Powell’s A Dance to the Music of Time reaches 1933/34 in this fourth volume. Hitherto the social milieu in which narrator Nick Jenkins moves, the English upper and upper-middle classes, has seemed to exist in a bubble. The financial crisis of 1928 and subsequent depression appear to have barely touched them. Or rather, while the economic consequences have, as now, been felt largely by the less well off, the subject has been referred to in passing, only obliquely and vaguely, as “the slump” in The Acceptance World even when that novel is, ostensibly at least, concerned with the world of finance. Certainly, up to this point in the cycle of novels, politics has been conspicuous by its absence.
Now, however, as Fascism takes its hold on governments on the continent and the National Socialists achieve power through democratic means in Germany, Powell introduces politics through the differing perspectives of his characters.
Widmerpool (pictured above from the cover illustration) is on the left and expresses views that, if one were to ignore their attitudes to Jews, then the National Socialists aren’t all that bad. He emphasises that as well as the Nationalism, there is also the Socialism which inspires major investment in infrastructure and large scale regeneration projects which create jobs for workers. He argues against diverting resources of production in the UK towards re-armament, proposing instead a conference to settle matters.
This stance, a fair representation of the position taken by many in the UK at the times, reminds me, when he goes on to suggest that Goering might be won over by a visit to Buckingham Palace and the award of the Order of the Garter because he is at heart a snob, of the misguided attempts by Lord Darlington in Kazuo Ishiguro’s novel The Remains of the Day to broker a deal between the UK prime minister and the German Ambassador.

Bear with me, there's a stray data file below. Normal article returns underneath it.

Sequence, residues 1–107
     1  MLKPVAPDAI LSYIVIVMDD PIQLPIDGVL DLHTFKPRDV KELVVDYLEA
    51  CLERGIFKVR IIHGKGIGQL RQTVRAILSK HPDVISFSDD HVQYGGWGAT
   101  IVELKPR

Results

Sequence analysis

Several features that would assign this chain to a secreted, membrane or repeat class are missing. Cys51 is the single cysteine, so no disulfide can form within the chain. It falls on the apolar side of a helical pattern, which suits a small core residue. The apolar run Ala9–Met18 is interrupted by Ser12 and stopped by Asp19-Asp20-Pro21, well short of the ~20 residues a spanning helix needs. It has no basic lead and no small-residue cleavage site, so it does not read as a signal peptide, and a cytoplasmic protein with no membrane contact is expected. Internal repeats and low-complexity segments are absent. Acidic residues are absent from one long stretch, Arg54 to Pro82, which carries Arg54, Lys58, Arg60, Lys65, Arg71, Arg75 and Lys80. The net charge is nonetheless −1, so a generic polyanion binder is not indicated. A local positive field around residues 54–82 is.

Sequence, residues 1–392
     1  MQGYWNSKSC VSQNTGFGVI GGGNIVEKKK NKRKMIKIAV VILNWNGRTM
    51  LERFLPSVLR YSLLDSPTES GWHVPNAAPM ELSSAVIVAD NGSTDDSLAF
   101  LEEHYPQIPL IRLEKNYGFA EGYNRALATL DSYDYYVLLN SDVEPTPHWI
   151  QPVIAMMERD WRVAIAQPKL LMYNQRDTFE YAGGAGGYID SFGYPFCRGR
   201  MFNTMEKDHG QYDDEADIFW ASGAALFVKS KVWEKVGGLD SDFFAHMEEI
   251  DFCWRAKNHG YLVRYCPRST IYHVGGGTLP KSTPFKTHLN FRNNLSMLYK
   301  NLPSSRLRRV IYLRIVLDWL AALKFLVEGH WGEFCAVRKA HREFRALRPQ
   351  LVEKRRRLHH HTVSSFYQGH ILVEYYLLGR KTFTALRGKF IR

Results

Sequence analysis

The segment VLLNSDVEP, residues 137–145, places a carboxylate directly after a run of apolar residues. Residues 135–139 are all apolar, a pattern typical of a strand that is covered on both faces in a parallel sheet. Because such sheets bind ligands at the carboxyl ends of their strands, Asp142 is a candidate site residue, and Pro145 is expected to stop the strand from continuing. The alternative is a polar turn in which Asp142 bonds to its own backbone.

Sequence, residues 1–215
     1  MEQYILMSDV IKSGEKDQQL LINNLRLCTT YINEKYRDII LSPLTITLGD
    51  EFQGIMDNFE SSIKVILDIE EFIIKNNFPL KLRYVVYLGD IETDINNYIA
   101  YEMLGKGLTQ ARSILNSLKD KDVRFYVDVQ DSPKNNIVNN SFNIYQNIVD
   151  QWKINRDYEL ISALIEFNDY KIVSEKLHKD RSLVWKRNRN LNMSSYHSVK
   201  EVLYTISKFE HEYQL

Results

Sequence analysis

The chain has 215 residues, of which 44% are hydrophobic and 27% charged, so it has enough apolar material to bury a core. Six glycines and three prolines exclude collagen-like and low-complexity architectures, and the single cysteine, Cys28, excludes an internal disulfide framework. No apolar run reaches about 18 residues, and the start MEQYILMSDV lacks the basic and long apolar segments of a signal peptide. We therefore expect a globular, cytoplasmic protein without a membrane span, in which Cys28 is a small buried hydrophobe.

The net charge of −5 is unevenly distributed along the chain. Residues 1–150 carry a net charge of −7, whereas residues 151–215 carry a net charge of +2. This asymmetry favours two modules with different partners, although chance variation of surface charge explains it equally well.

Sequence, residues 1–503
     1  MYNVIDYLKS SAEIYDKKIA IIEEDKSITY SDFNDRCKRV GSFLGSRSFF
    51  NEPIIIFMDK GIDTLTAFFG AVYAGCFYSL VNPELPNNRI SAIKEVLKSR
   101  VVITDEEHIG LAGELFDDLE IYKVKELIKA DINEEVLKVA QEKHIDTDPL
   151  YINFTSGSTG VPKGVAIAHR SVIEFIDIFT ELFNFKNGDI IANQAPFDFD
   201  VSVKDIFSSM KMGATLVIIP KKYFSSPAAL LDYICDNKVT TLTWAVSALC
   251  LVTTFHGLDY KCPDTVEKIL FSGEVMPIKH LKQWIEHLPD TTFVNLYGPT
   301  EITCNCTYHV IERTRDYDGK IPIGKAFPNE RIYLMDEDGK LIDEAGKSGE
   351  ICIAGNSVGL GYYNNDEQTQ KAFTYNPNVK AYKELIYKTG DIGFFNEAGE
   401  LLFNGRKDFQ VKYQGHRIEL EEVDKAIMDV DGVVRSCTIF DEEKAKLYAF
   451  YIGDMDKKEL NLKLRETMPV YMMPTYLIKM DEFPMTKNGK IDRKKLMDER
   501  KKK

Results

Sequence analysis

The communist Quiggin is shown to be focussed on internal political manoeuvring, more concerned with sniping about his rival Craggs, dismissing his current concern with German refugees in terms of a passing fad and Guggenbuhl, citing the oneupmanship of the Trotskyist German exile patronising later German refugees. However, Powell does attribute to the unlikeable Quiggin an appreciation that Hitler was a threat to communists in Germany and the view that Anti-Fascism is the most important stance.
The reader also learns in passing through snippets of overheard conversations, symbolically in untranslated French, in which a Balkan diplomat in the service of Prince Theoderic (whom we have met in an earlier novel but who makes no personal appearance in this volume) describes how he believes Hitler has given up plans to annex Austria by force and that in his view France was wrong to oppose the customs and immigration union in 1931.He then argues that Austrian Chancellor Dolfuss had acted decisively but undemocratically against the National Socialists in his country.
However, the most direct, and to the modern reader benefitting from 20:20 hindsight, most effective response to Hitler’s rise, is voiced by the eponymous Lady Molly’s husband Jeavons, who had been presented up to that point as something of an old duffer who was decidedly past it. He baldly states that the UK should “Declare war on Germany right away…knock this blighter Hitler out before he gives further trouble…Wait and see…That was what Mr Asquith used to say. Didn’t do us much good in 1914.”
It is characteristic of Powell that he should give such prescience to a minor, comic character rather than one of his central figures.